Austin police chief retires after criticism for use of force
By ACACIA CORONADO Report for America/Associated Press
AUSTIN, Texas (AP) — The police chief in the Texas capital city of Austin, who had been at the center of ongoing criticism following a fatal police shooting and controversial uses of force by officers, announced Friday that he is retiring after 30 years with the department.
Austin Police Chief Brian Manley said he knows in his heart "it is time to pursue that next opportunity" and does not think he could give the attention necessary to leading the police force as he has done since May 2018.
Calls for Manley to resign have been persistent since the April police killing of Michael Ramos, who was driving away from officers. T hey opened fire after responding to a 911 call from someone who said Ramos was holding a gun to a woman with whom he was doing drugs in a car parked at an Austin apartment complex. Austin Police later said Ramos was found to be unarmed.
Austin police also caused serious injuries during protests over the police killing of George Floyd.
Floyd died in May after a white Minneapolis police officer pressed his knee against the handcuffed Black man's neck for several minutes while Floyd said he couldn't breathe. His death sparked demonstrations against racial injustice around the world, including in Austin, where two protesters were hospitalized with head injuries after being shot by police with so-called less lethal munitions.
While Manley said he did not feel weighed down by the job but was simply looking for a new start, he recognized the police profession is under scrutiny, re-imagination and redesign and said he is confident "APD will come out of this a strong agency."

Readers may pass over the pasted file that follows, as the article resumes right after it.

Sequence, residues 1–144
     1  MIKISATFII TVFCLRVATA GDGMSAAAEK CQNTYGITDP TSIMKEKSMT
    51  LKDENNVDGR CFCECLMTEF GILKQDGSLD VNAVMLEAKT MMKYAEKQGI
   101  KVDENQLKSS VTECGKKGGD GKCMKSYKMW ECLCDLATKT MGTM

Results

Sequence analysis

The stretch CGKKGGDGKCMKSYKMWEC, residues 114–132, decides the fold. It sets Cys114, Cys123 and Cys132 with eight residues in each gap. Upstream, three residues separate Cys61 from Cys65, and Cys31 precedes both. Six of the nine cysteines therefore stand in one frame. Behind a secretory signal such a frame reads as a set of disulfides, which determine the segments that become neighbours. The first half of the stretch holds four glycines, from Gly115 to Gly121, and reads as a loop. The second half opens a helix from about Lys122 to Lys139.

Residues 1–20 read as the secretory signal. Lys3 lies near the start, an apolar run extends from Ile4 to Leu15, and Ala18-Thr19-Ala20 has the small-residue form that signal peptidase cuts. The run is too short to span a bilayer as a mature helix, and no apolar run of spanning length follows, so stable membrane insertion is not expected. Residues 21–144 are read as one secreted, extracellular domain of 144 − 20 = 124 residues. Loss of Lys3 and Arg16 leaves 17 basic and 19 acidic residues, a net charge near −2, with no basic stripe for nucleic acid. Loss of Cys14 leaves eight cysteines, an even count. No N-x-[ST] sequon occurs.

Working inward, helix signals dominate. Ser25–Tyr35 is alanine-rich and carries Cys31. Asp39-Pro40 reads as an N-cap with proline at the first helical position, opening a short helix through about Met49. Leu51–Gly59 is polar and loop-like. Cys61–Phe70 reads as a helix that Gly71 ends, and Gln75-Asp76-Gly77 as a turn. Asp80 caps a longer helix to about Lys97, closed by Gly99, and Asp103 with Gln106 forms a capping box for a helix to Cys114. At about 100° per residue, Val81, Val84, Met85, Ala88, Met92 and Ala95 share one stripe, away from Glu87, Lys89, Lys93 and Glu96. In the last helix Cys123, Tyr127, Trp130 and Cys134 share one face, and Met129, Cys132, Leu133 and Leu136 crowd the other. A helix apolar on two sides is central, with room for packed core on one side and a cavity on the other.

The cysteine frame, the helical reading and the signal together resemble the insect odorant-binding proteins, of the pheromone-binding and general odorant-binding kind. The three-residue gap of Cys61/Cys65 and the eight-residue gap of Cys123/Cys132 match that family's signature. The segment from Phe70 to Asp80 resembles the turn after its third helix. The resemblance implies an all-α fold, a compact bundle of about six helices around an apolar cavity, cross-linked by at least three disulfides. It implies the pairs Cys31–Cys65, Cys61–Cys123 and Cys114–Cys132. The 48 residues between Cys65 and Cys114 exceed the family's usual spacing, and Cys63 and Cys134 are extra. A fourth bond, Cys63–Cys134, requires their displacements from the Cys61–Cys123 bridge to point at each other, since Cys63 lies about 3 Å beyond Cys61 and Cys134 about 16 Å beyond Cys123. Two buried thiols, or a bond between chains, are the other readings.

"It has been my greatest pride to not only serve among but to be given the opportunity to lead the men and women of the Austin Police Department," Manley said. "We may be imperfect, but I promise you the men and women serving you, serving our community, have hearts of gold and are here to serve you."
Following outcry over injuries sustained during previous confrontations with police, Manley announced the department would no longer shoot less-lethal weapons into crowds. The city announced in December that 11 Austin police officers had been disciplined for their actions during late May protests. The city did not detail the punishments or the specific complaints that led to the reviews.
Manley was the interim chief of police and became the lone candidate for his current role shortly after the department's work on the case of a serial mail bomber that terrified the capital city of Texas.
Spencer Cronk, Austin's City Manager who had recently stepped into his role when the serial bombings began, said he had personally been inspired by Manley's leadership during one of Austin's "most unprecedented public safety crisis."
"Chief Manley's integrity, sense of duty and commitment to serving with distinction and professionalism have shaped his career," Cronk said.
Acacia Coronado is a corps member for the Associated Press/Report for America Statehouse News Initiative. Report for America is a nonprofit national service program that places journalists in local newsrooms to report on undercovered issues.